Issue 13 T.O.C. – Steve Voigt – “Reconstructing the Varnish Maker’s Art: Traditional Finishes for the 21st Century”

This post is part of a blog series revealing the table of contents of upcoming Issue Thirteen. As is our custom, we’ll be discussing one article per weekday in order to give you a taste of what is come. 

The subscription window which includes Issue Thirteen is open now.

To get Issue Thirteen when it ships early October, you can sign up for a subscription here. 

If you aren’t sure about your subscription status, you can reach out to Grace at Keep in mind though, if you are set to auto-renew, you never have to worry about getting the next issue of Mortise & Tenon. Issue Thirteen is coming your way soon!


Steve Voigt – “Reconstructing the Varnish Maker’s Art: Traditional Finishes for the 21st Century”

There are some parts of a project that we tend to take for granted. Finishing, for example: If we want to apply a clear protective coat to a piece of furniture, we go to the store and buy a little can of (likely petroleum-based) synthetic liquid that we brush on while holding our breath. And while this may offer decent short-term results, the longer view may offer a more cautionary note.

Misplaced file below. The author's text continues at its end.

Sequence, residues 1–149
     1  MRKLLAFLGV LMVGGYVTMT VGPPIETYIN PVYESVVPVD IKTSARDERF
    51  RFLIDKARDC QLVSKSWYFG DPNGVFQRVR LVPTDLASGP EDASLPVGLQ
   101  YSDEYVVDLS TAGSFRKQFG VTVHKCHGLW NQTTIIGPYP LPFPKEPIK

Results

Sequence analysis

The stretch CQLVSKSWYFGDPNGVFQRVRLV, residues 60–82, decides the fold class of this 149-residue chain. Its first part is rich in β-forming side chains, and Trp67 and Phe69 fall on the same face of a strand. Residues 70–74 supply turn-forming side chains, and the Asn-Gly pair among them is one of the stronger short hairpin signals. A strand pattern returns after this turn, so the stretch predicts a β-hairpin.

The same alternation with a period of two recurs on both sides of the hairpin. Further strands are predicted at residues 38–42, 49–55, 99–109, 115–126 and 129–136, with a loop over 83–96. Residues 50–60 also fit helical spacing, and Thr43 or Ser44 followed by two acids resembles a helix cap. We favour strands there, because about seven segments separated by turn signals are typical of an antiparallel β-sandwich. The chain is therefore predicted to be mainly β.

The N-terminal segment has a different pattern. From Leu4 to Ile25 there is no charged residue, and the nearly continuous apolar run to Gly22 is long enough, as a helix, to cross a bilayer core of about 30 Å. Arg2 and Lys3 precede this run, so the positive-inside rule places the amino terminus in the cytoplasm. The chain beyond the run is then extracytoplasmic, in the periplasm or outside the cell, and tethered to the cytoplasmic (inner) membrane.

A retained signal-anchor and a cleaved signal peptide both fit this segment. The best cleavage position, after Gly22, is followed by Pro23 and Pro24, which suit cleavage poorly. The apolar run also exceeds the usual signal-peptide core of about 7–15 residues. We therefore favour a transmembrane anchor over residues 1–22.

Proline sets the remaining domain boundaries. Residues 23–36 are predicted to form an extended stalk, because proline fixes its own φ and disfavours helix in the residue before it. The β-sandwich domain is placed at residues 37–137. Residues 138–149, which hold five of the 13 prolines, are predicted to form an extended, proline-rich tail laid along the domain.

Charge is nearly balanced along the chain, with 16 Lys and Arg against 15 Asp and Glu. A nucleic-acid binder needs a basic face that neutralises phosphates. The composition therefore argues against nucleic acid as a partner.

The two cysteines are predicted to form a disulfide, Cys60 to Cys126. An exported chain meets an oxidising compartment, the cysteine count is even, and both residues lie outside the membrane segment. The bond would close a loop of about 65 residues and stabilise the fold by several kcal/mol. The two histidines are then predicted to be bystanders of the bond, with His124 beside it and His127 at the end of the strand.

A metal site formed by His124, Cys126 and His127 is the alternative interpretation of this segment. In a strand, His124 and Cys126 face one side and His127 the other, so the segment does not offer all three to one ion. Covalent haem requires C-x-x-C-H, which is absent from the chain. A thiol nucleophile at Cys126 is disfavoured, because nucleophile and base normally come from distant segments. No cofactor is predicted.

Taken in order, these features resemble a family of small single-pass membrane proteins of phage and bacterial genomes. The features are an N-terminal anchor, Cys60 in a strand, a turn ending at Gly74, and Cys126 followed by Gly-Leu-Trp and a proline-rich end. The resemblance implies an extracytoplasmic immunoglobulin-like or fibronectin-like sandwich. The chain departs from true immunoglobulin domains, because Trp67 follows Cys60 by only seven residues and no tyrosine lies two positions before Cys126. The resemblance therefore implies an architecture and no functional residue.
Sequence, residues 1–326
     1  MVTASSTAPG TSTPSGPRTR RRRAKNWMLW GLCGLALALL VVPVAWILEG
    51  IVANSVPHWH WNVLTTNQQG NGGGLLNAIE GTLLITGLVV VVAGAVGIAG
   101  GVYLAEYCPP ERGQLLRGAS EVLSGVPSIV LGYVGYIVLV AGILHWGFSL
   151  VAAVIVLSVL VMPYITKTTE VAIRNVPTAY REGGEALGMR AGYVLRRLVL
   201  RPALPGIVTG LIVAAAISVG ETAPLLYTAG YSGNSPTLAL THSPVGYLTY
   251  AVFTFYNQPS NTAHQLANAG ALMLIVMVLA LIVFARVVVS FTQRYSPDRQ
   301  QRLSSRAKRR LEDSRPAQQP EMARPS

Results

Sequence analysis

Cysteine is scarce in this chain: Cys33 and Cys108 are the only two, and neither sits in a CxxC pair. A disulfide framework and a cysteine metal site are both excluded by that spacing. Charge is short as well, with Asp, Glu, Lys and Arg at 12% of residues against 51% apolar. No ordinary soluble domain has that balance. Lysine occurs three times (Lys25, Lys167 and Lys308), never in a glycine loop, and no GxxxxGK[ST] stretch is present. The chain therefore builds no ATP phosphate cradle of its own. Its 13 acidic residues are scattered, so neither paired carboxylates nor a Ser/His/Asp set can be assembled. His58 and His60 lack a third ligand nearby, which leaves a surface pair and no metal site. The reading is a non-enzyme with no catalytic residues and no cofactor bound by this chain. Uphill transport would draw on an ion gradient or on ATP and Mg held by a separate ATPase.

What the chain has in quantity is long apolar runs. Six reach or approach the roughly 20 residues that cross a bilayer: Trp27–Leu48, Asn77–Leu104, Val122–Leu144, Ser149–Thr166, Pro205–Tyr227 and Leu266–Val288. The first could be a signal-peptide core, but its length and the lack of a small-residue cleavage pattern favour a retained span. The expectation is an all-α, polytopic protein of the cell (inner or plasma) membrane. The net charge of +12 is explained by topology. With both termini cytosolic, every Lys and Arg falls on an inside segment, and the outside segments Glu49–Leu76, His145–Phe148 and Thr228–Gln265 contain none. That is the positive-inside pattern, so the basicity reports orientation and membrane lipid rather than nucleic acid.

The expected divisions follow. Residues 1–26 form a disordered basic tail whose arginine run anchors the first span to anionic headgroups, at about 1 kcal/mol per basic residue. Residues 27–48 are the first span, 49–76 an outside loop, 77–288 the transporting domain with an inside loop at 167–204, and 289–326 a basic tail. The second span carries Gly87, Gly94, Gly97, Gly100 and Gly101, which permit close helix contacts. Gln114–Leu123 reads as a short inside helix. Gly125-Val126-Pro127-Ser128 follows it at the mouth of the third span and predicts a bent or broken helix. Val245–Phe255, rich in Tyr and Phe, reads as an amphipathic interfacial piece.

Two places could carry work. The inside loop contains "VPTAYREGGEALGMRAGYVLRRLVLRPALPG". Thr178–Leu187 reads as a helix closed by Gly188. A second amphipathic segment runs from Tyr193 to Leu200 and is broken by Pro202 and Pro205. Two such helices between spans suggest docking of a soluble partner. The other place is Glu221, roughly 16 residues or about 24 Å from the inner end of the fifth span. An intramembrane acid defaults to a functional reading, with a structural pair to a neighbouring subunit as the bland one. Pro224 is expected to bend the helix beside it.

Few woodworkers today realize that varnishes of the past were naturally derived, relatively green, and renewable, while offering repairability and warmth that far exceeds their modern counterparts. In Issue Thirteen, author and planemaker Steve Voigt takes a fascinating and in-depth look at natural resin varnishes. Initially unsatisfied by the finishes he found available on the market for his traditional wooden planes, Voigt turned to exploring historic finishes and has not looked back. He brings us through the ancient alchemy of combining oil, resin, and solvent to produce this magical protective substance, and discusses how our modern manufacturing and extraction methods have led to subpar ingredients for wood finishing.

Going back to the forest or the field and minimally processing the necessary raw materials needed for varnish makes a world of difference in the final product. Voigt shows us how flax was utilized in the past (and still is by some small firms) to maximize the valuable oils and make a fine finish; how resin can be harvested sustainably from trees; and how (when made correctly) the natural solvent, turpentine, smells wonderful and is preferable to petroleum-based solvents. You won’t look at a finished surface the same way again, and may even find yourself eager to try your hand at making your own natural varnish.

Subscribe now to reserve your copy of Issue Thirteen.


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